A Lanark business leader is warning that moves for the royal burgh to adopt a scheme intended to boost its economy must avoid the same mistakes that befell Carluke after it signed up for the exact same initiative.
After the Scottish Government and South Lanarkshire Council-backed Business Investment District (BID) scheme was introduced in Carluke three years ago, it was dogged by controversy.
Some businesses in the town complained that it had not been made clear before agreeing to take part in the scheme that they would be legally required to pay a substantial annual fee into a communal pot for town centre improvements.
There was also bitterness about BID rules and boundaries that saw Carluke’s biggest store, Tesco, paying nothing at all into that pot while charity shops were billed for the full amount.
Even the owners of vacant shops now only used for storage received a BID bill for commercially defunct properties.
The way BID contributions were spent in Carluke also led to discontent.
Now, Lanark Community Development Trust is leading moves to have a Lanark BID scheme adopted by the town’s shopkeepers and businesses.
It has appointed Lanimer committee chairwoman Loraine Swan to act as an ambassador and tour the town to canvass opinions on the royal burgh setting up a BID scheme.
With several promiment shop units currently vacant in its town centre, Lanark Business Group chairman Alastair Brooks said: “It’s beyond argument that something has to be done to boost trade in Lanark town centre.
“Whether or not a BID scheme in Lanark is the right thing is another question.
“At the moment, the group is staying neutral on the issue.
“All I am certain of at the moment is that it must not be brought in as it was in Carluke.
“From the word go, we have to tell every trader in Lanark exactly what it will cost and exactly what it will do to improve their business and the town in general.”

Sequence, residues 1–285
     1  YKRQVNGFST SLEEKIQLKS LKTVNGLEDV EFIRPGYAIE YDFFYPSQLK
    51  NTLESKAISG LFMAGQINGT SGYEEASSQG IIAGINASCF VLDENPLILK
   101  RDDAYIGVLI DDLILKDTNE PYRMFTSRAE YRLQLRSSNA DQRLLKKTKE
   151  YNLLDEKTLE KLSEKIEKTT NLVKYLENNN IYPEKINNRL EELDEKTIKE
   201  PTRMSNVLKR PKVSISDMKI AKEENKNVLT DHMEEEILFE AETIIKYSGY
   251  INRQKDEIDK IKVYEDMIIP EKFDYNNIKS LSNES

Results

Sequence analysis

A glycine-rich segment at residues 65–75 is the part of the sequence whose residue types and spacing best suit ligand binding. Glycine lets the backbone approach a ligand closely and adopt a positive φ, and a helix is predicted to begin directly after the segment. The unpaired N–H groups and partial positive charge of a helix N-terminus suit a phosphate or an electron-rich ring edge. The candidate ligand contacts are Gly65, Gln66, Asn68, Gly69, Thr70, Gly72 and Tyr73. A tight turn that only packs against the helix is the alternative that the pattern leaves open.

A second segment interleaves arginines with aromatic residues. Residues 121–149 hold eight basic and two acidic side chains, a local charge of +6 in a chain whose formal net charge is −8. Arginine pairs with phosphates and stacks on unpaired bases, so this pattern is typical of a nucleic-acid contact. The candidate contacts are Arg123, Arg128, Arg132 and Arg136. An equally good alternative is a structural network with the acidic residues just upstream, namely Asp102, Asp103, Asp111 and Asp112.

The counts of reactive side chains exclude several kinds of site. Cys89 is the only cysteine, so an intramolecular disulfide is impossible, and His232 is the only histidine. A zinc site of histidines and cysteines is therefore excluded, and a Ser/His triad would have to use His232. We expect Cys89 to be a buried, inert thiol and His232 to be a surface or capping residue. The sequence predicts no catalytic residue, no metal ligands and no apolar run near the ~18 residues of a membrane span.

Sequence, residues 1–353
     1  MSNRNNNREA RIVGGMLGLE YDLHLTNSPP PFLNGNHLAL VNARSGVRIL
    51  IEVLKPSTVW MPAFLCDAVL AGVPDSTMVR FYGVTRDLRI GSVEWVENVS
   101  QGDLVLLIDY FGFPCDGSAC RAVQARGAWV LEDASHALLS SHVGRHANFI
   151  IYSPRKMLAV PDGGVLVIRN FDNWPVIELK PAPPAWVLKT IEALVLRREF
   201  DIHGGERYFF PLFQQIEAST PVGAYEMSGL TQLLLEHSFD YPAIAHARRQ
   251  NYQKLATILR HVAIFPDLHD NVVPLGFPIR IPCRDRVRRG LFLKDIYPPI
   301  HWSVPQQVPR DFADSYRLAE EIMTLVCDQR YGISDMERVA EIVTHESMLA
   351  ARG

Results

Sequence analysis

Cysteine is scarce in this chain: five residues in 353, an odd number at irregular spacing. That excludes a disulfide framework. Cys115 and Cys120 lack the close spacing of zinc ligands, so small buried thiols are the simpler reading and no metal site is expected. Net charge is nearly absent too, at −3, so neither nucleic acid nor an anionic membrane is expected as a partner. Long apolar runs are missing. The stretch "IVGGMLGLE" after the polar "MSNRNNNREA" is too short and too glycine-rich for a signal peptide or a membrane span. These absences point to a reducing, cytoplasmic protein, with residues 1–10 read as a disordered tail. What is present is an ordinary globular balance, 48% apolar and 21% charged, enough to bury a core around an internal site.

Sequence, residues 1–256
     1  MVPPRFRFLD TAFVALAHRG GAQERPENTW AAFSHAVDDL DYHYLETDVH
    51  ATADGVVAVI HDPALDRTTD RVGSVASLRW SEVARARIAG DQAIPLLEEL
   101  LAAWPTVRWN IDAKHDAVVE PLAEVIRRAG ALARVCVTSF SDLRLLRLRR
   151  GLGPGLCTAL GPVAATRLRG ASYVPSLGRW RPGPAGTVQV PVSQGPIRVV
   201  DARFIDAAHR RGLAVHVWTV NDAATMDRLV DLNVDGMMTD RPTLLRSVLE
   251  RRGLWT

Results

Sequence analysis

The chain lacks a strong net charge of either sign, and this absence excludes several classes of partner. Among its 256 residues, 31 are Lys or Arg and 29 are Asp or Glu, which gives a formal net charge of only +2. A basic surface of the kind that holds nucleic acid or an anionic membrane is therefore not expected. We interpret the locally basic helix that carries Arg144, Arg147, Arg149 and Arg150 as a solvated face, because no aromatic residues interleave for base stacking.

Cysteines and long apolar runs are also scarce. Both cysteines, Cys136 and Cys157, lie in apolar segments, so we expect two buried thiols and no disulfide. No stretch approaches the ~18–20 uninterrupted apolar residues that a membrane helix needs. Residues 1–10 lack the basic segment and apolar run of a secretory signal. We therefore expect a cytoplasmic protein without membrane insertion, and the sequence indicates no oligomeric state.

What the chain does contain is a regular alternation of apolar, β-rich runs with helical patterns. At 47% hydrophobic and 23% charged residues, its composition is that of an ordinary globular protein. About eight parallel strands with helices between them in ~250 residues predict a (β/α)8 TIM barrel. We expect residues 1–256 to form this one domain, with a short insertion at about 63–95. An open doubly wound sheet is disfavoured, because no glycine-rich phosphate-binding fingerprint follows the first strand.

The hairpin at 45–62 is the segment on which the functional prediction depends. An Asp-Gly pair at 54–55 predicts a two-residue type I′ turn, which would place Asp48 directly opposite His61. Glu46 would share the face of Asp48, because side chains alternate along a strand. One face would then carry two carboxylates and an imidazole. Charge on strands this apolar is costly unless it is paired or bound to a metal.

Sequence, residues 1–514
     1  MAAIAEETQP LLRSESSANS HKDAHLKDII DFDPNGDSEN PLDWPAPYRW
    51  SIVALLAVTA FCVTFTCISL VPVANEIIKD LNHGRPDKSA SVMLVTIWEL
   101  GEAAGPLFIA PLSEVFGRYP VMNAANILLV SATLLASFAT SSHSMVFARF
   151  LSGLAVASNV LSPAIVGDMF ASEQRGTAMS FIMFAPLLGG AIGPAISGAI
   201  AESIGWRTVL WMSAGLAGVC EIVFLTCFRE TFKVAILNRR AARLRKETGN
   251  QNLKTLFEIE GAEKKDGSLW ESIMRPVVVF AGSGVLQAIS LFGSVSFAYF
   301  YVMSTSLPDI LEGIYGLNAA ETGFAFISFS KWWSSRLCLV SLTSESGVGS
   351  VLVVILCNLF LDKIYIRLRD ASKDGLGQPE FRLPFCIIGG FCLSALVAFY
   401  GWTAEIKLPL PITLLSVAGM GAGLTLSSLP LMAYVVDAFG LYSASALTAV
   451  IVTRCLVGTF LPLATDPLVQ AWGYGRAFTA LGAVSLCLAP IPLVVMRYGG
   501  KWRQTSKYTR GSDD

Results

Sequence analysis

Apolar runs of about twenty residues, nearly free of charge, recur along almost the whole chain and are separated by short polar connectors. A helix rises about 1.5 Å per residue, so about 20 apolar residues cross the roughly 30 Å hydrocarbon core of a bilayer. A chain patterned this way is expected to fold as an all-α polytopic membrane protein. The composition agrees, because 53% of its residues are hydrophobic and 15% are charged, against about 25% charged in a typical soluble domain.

He stressed that introducing a BID scheme to Lanark “was not an initiative of the Lanark Business Group”.
However, he added that group members are open to any suggestion to improve town trade.
He said that he felt many of the small businesses in Lanark would not welcome a BID scheme if there were not clear ground rules from the start.
“These small businesses will have to be convinced that the BID levy is not just another tax on them. They’ve enough of these to pay already,” he said.
“Some of them are working on very tight profit margins indeed. Whatever the BID levy for Lanark is, it must not be so expensive that these small businesses decide joining up isn’t worth it for them.
“These small traders will also need to know if there is to be a level playing field here.
“You can only imagine how the owner of a small business in Lanark town centre will feel to have to pay into the BID pot and then learn that somehow the town’s Tesco store pays nothing.
“Personally, I would like to see a reasonable attitude being taken to the amount demanded from businesses.
“A blanket standard BID fee would obviously be unfair with a wee Lanark independent shop paying the same as a major national chain store.
“If BID is to work in Lanark, it must be fair and cost-effective.”